Over 3,000 pictures taken
The first step in creating an accurate database for the 35th Ephorate was to visit the sites themselves and document and roughly map everything from wide, panoramic views to micro, architectural details. This usually started with researching the sites online to gather as much data known about them as possible beforehand. This included gathering arial photographs, discussing with the Ephorate about any important information, and reading about any history that was available. With this knowledge in mind, my team and I would pair up and divide the site into sections- often one person would take the pictures while the other would draw a rough map of the site and record the picture number and where it was taken. Through the eight sites we visited, we captured over 3,000 images.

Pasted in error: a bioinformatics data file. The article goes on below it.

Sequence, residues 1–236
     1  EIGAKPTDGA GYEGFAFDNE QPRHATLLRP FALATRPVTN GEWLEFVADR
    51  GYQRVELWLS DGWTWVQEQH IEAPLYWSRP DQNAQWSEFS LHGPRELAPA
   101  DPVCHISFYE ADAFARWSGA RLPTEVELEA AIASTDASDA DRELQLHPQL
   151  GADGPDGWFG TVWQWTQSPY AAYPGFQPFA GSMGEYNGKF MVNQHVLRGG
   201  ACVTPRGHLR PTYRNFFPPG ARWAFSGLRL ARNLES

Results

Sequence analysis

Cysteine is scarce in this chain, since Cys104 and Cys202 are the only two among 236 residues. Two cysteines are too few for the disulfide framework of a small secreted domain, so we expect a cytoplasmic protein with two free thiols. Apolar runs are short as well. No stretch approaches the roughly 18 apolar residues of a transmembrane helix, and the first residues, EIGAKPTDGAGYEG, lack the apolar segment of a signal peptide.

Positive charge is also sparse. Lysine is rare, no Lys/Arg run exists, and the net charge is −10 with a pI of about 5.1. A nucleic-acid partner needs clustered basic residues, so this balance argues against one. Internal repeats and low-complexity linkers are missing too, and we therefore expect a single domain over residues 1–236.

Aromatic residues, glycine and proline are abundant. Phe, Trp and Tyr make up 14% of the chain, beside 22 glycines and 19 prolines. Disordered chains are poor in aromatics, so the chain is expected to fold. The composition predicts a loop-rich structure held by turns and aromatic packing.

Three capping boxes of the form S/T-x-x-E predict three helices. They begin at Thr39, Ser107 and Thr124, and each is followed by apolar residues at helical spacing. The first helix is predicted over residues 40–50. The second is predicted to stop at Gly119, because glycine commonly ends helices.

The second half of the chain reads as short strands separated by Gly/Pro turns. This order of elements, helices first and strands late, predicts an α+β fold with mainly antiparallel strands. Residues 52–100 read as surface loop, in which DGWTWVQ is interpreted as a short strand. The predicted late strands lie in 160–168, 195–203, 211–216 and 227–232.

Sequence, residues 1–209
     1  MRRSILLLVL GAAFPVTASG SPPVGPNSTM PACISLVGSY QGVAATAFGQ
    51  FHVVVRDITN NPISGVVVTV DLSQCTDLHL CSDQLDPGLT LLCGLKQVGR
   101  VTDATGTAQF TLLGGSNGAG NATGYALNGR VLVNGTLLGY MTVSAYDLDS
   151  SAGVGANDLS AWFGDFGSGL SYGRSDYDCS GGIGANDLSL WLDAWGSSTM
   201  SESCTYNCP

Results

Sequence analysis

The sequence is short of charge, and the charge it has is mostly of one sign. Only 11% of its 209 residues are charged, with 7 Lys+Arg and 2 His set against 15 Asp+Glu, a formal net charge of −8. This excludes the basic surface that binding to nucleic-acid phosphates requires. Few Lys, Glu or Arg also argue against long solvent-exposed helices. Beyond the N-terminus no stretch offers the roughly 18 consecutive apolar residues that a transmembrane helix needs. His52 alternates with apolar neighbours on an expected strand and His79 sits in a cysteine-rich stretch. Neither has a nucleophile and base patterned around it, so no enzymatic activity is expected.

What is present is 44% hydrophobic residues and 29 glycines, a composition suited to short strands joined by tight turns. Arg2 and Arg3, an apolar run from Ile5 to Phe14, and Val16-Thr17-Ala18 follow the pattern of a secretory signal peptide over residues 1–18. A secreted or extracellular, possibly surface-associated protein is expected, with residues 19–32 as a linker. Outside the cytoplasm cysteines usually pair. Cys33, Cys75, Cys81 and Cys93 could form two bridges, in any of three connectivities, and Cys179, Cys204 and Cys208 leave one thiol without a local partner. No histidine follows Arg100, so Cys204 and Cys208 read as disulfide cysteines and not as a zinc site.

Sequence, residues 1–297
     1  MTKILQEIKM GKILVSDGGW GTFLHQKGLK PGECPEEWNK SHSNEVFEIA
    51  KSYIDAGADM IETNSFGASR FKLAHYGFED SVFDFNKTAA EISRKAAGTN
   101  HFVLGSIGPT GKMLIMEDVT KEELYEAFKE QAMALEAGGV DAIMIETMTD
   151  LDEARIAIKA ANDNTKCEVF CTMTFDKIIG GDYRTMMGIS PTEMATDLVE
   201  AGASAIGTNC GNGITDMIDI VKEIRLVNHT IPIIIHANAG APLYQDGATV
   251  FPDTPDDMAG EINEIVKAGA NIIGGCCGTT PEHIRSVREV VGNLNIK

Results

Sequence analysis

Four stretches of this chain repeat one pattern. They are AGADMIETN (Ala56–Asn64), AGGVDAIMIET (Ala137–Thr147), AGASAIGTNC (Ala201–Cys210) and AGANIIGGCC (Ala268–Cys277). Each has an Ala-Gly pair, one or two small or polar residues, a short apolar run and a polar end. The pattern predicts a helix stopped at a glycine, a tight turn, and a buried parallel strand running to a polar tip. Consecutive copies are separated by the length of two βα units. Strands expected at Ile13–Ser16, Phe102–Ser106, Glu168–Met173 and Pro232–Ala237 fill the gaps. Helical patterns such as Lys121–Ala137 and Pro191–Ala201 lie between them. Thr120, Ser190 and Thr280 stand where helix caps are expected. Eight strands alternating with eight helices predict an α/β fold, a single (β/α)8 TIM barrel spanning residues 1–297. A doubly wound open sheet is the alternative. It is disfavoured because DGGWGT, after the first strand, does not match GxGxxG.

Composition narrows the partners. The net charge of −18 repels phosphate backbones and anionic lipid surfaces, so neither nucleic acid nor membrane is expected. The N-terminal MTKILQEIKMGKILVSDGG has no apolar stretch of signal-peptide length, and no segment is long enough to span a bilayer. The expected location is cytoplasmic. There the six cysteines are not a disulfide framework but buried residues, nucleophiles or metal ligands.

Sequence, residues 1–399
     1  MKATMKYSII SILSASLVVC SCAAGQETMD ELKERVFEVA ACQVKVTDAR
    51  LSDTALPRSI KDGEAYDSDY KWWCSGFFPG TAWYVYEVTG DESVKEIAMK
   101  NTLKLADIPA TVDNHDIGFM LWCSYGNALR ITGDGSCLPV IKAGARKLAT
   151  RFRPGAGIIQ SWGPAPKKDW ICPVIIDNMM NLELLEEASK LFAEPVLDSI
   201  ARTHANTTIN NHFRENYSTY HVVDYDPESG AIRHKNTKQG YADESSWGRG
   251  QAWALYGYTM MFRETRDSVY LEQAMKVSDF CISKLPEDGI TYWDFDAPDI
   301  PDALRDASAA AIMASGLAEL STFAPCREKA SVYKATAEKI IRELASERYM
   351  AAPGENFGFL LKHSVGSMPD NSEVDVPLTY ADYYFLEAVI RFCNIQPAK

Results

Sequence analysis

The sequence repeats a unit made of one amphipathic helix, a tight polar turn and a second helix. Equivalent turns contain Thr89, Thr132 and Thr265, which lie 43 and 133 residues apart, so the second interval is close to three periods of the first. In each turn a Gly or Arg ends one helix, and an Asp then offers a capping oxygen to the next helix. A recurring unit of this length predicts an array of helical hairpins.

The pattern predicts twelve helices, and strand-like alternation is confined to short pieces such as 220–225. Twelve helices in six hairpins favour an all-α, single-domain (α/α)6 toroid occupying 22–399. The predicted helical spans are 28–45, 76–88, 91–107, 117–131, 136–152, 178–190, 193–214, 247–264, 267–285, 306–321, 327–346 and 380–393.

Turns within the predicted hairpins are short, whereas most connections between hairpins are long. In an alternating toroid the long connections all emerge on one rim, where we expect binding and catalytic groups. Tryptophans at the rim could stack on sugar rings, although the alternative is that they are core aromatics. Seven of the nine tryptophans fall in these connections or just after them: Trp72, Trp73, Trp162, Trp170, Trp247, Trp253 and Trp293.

Building a dialogue
One of the most fascinating parts of working in such a small community was how eager and open people were to assisting us with our research. On many occasions a local priest would drive to the site with us to give us firsthand accounts of the churches and their importance. In some instances, neighbors who lived around the site would walk up to us and give us information. There were times where we were invited into peoples homes for an angle they would think would be good to photograph. These interactions showed how important the work we were doing was to the people and gave us a rich background to what was usually just rubble that was invaluable moving forward.